Porting an SDL game on Android (2/2)
Last time, I discussed the whole technical aspect of “setting up” an Android environment to run our game: configuration, compilation, etc.
Now, we get to the heart of the matter: what does it change, on the code side, to port an SDL2 game on Android?
Porting an SDL game on Android (1/2)
Very early in the development of the game, I had the idea of porting it to Android: the game style (point and click) fits the platform, for example I really enjoyed playing Thimbleweed Park on tablet (and being able to play old LucasArts on your phone via ScummVM is a pleasure too).
This is one of the reasons that lead me to switch from SDL1 to SDL2 which, in addition to providing welcome hardware acceleration to display high resolution images and animations, offers Android support (and even provides quite a bit of tools to manage this platform, we'll come to that).
Superfluous Returnz is on Steam and Itch.io!
A quick little article to let you know that Superfluous Returnz is now registered on Steam and Itch.io! It will be published on these two platforms on its release date, for the moment set for June 2022 (but it is possible that this date will evolve, in one direction or the other).
For this new making-of, I'll start by reminding you (or teaching you, perhaps) several features of Superfluous Returnz:
- it is (it will be) a video game which will consist mainly of a succession of more or less twisted puzzles: pick up this or that object, use it on something, talk with this and that character, find clues, solve codes, unlock padlocks, etc. Nothing very innovative, it remains in the great tradition of point-and-click games.
- the player will evolve in an open world. I mean, don't imagine something as huge as Breath of the Wild! The number of places to visit will be much more modest, but you will be able to come and go as you please in the small village of Fochougny (even if some places will have to be unlocked), it won't be a linear succession of well-separated rooms (except for the introduction)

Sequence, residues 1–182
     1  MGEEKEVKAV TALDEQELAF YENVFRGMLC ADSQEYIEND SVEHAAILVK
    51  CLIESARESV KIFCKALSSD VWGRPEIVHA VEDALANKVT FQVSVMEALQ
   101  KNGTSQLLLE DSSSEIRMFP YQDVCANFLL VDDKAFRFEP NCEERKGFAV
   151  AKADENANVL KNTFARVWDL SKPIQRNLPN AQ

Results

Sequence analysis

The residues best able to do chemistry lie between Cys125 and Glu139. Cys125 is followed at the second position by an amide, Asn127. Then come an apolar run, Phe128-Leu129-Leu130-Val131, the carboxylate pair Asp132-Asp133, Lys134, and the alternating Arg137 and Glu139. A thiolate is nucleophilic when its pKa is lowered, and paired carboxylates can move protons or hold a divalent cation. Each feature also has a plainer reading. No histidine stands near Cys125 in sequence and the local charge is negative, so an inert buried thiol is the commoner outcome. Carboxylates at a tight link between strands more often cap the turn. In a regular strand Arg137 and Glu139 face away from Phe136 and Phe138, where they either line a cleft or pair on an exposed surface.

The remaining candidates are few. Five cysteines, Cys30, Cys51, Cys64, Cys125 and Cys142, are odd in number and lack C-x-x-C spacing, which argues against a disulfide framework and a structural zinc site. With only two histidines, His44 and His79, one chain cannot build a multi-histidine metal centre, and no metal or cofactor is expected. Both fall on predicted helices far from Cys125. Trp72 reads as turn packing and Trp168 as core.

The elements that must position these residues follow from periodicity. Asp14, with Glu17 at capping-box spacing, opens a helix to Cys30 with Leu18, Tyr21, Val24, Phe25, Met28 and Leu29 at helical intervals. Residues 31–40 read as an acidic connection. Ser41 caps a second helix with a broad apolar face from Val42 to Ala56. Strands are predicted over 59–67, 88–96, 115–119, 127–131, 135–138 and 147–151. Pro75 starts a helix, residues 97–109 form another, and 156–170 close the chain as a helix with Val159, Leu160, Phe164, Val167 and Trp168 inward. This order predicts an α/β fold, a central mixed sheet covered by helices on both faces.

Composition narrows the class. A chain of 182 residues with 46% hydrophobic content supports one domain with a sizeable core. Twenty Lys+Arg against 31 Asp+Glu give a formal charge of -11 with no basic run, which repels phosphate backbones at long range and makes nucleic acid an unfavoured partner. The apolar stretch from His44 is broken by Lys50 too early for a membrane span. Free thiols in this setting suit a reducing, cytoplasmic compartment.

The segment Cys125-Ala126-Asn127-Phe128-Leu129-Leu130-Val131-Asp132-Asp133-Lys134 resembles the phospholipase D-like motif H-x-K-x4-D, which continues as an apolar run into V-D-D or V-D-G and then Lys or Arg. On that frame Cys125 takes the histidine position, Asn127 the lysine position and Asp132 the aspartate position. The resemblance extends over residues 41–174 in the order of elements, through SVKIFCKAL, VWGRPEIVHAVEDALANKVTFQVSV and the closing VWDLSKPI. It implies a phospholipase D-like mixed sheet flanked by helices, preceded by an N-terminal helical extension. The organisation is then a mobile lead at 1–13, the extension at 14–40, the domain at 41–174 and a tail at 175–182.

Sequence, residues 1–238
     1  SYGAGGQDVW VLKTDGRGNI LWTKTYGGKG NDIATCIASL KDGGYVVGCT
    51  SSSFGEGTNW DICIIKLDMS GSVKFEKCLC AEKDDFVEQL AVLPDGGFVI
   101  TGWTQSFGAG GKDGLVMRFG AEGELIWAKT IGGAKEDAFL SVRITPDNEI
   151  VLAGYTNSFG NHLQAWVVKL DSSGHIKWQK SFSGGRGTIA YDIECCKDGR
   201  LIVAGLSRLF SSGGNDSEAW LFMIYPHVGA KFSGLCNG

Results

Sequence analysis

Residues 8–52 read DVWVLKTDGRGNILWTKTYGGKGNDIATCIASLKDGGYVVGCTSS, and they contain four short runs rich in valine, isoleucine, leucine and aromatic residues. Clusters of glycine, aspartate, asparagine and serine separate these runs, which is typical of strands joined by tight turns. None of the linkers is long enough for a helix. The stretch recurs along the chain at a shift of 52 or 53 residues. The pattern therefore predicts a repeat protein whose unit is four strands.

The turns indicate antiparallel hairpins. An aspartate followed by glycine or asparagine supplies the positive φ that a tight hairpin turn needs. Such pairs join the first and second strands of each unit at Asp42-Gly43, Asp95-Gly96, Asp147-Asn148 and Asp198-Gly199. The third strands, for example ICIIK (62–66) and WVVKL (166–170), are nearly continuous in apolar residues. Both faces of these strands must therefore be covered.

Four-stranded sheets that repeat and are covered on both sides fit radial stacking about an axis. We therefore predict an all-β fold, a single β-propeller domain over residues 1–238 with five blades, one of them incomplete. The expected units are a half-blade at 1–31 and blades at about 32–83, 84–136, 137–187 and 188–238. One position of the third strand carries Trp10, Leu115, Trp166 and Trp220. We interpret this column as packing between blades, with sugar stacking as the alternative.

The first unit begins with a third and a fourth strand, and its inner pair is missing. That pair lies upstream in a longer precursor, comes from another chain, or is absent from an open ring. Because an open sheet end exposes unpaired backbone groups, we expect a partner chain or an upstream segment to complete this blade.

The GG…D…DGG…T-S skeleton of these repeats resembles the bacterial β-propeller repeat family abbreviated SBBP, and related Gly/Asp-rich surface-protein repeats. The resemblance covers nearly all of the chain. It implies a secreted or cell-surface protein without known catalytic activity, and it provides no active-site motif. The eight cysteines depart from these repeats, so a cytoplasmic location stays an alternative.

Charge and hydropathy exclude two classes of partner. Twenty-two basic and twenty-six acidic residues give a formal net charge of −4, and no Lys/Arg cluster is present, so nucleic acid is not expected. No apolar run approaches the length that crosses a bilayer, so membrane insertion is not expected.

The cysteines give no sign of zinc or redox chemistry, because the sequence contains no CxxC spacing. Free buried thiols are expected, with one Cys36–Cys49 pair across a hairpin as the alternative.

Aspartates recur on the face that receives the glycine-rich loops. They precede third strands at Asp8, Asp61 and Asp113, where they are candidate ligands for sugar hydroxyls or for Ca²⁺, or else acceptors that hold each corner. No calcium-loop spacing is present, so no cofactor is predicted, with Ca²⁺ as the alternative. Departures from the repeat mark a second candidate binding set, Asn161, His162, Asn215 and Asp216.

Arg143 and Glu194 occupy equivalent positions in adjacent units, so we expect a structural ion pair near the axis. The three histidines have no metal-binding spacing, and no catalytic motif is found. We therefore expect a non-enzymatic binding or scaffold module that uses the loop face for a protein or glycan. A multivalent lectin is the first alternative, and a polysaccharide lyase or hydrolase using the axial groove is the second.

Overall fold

- it will be impossible to lose or get stuck: if you forgot to pick up an item, then it will always be possible to get it back when you need to use it (you will never need to load an older save to unblock you). Neither will any action lead to death or a dead end that would force you to reload another save. The only difficulty will come from solving the puzzles and the time it will take you to understand and solve them 🙂
The basics of a cross-platform game
From the start of the game's development, it seemed obvious to me that it had to be cross-platform: it had to run at least on Gnunux (makes sense, this is the OS I use), on Windows (the most popular OS on desktop / laptop) and on Android (the most popular OS on tablets and phones). Derivatives like LineageOS are included in “Android”. Also, I wanted to make a web port to be able to play it directly in the browser.
I will now explain to you how I managed to create these different versions using the same code base as much as possible (apart from a few adaptations, I'll come back to this).
Superfluous Returnz, playable demo
This is what will undoubtedly be the last making-of of the year before the release of the playable demo of the Superfluous video game scheduled for the end of the year.
I already discussed, in order:
- algorithms (location & moving)
- graphics (character with characteristics)
- music (musical themes)
We will tackle the last big piece that is necessary for the game: writing and storing “levels” (which we should rather call “rooms” since the game is separated into different rooms connected by doors and corridors).
After talking about graphics and programming, we are going to tackle a third facet which is: music!
Most of the musics that I'm composing for the game are ambient musics, they are relatively discreet and their goal is to provide a background sound that is neither boring nor annoying (since it loops), and that is not a distraction for the player either (the goal is to solve puzzles). Nevertheless, I still had fun composing big musical “themes”, especially specific themes for the characters. These themes will likely be used during cutscenes and transition sequences.
Characters with characteristics
Last time, I told you about the algorithmic aspect of travel: today explains how I handled the graphics part.
For this first making-of, I will present you one of the first problems I had to deal with: displaying and moving a character in a scene.